Chef Anthony’s Recipes – Purgatorio alla Calabrese: Plant-Based Picnic Perfection

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If it sometimes feels like picnics are all about barbecued meats, then all you plant-based folk out there are going to love this colorful, veggie-heavy and budget-friendly recipe that is perfect for a summer cookout.

The base of this dish has many names and variations depending on where you call home. The French version is known as ratatouille. The Basque and the Catalans call it escalivada while the Italians have a number of names for regionals variations including caponata. Either way, it includes a panoply of antioxidant-rich tomatoes, eggplant and bell peppers and is incredibly versatile.

Today’s one-pan version is known in Calabria (the tip of the Italian boot) as Purgatorio. The Calabrese enjoy it as a street food sandwich, for a healthy lunch on the go.

This dish can be served as a hearty country stew for a relaxed dinner,  or blended into a thick spread served with dipping accompaniments like bread or crudités for an evening aperitivo. If you have any leftover, it also makes for a great pasta sauce with some extra tomato passata.

Purgatorio alla Calabrese

Serves 4-6 sandwiches; Prep. Time: 20 to 30 minutes.

Ingredients

  • 1 European eggplant (the fat, dark purple kind)
  • 2  potatoes
  • 2  bell pepper (any colour but green)
  • 3  tomatoes
  • 1 tablespoon capers (optional)
  • 2 spring onions
  • 1/4 bunch basil, leaves only
  • 2-3 tablespoons extra virgin live oil
  • sea salt (or other high quality salt) and fresh ground black pepper
  • any baguette or ciabatta style bread of choice
  • filtered water

Directions 

Step 1: After washing all the vegetables, peel the eggplant and cut into cubes no bigger than your thumbnail (if making this as a spread, then cut even smaller) and soak in water with 1/2 tablespoon of sea salt for 30 minutes.

Step 2: Place a pot with enough water to cover the tomatoes on high heat and bring to a boil.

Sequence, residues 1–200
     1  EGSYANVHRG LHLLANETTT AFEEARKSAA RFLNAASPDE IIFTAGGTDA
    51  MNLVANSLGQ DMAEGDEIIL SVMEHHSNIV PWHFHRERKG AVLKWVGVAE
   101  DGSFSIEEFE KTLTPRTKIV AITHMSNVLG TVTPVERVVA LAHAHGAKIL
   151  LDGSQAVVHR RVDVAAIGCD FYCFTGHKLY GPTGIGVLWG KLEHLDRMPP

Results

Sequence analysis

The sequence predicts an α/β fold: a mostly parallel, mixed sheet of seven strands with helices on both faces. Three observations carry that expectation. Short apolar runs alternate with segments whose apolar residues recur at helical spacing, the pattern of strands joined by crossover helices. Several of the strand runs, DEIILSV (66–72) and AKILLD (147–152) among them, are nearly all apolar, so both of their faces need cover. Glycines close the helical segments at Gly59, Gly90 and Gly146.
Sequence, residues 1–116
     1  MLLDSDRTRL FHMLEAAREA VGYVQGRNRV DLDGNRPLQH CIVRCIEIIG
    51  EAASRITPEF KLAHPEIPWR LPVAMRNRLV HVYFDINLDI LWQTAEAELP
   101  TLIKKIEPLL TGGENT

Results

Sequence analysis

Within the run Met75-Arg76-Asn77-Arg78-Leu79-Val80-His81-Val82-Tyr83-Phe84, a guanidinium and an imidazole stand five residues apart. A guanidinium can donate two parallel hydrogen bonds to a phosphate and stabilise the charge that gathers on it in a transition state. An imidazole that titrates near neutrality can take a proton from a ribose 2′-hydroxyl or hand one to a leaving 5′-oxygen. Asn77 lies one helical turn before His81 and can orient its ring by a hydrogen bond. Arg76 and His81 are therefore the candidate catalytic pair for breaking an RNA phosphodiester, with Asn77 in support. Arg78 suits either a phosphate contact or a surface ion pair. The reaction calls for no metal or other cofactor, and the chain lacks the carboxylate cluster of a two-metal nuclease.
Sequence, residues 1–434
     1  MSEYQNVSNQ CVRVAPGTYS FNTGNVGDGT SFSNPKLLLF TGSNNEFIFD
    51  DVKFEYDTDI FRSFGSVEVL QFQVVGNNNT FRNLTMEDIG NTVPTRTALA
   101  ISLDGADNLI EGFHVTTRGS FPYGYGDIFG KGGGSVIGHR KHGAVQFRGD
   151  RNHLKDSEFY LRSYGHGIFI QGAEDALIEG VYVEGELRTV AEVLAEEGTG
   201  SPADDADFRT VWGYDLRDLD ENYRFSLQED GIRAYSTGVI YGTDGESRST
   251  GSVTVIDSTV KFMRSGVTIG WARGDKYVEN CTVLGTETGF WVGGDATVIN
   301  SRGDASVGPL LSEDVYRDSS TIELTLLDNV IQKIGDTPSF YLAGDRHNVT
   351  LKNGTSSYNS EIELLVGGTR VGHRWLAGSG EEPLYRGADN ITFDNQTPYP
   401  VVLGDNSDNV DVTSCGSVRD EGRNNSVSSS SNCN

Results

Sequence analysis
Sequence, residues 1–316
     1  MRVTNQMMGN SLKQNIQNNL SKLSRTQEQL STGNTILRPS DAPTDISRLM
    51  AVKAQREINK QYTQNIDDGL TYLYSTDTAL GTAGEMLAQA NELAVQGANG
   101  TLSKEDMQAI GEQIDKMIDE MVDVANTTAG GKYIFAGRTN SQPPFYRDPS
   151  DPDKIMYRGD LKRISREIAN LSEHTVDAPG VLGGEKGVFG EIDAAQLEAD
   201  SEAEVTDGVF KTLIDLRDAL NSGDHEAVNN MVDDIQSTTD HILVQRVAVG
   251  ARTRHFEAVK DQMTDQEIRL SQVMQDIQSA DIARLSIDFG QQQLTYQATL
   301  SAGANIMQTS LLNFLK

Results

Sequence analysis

Step 3: While the water comes to temperature, dice the bell peppers and potatoes the same size as the eggplant. Place the potato cubes in cold water to prevent browning until ready to use.

Step 4: Remove the core from the tomatoes and score a small “X” on the bottom of each one. Don’t cut too deep. You just want to break the skin. At this point have a bowl of ice water nearby. If there is no ice then it’s all good- you’ll just need to do this step a little quicker. Place the tomatoes in the boiling water one at a time to maintain the temperature and leave them in for NO MORE than 10 seconds. Count to 8 even. Then quickly place them in the ice water to stop the cooking. When they’re cool enough to handle, place the edge of the knife under the centre of the X you cut and peel the skins away. Discard the skins and dice the tomato into cubes the same size as the other vegetables.

Step 5: Drain both the eggplants and the potatoes. Heat a couple of tablespoons of olive oil in a pan on medium-high heat. Add the eggplant, season, then reduce the heat to medium-low. Stir and cook for 10 minutes. Add the potatoes and the tomatoes, then continue cooking for another 5 minutes.

Step 6: Finally add the bell peppers, capers (if using), and around a couple of tablespoons of filtered water if it’s starting to look dry. The bell peppers will only take a couple minutes to soften. Taste and adjust the seasoning. Turn off the heat and tear the basil leaves right into the pan, then gently stir them in. (For a spread, let cool to room temperature and then whizz in a food processor or leave chunky).

Step 7: Cut the bread lengthwise in the middle. You can go all the way through or leave a hinge on one side. Scoop out some of the inside to make room for the filling. Fill the bread and then indulge in a fat bite!

Serving Tips

Normally you would serve the sandwiches immediately, but if you are preparing for a picnic, then keep the prepped bread and filling separate and assemble when ready to eat.

If bread is not your thing, this makes for a lovely vegan meal along with a green salad.

For the cheese lovers out there, this will go great with fresh sliced or grated caciocavallo. There are also some vegetarian varieties of fontina or provolone that would work instead.

 


After graduating from The Culinary Institute of America in New York, Chef Anthony J. Damico trained in kitchens in Texas, Barcelona, Guangdong, and Hong Kong for over a decade. In recent years, his career has focused on plant-based cuisine with international influences. He is passionate about sharing the wealth of knowledge he has accumulated to help eaters everywhere make informed decisions and create delicious dishes. Damico is also an aspiring photographer, make sure to check out his beautiful portfolio on Instagram.

All images courtesy of Anthony Damico.

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